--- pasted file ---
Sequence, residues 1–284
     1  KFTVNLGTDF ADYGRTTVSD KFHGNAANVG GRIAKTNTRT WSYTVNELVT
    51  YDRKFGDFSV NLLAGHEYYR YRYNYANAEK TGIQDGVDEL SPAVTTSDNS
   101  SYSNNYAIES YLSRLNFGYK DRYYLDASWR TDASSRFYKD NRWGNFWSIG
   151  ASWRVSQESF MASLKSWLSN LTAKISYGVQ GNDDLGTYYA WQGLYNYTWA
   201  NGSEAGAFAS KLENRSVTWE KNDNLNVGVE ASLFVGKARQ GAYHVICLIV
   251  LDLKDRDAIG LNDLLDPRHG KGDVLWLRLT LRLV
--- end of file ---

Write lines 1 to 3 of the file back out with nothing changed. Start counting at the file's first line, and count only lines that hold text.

Sequence, residues 1–284
     1  KFTVNLGTDF ADYGRTTVSD KFHGNAANVG GRIAKTNTRT WSYTVNELVT
    51  YDRKFGDFSV NLLAGHEYYR YRYNYANAEK TGIQDGVDEL SPAVTTSDNS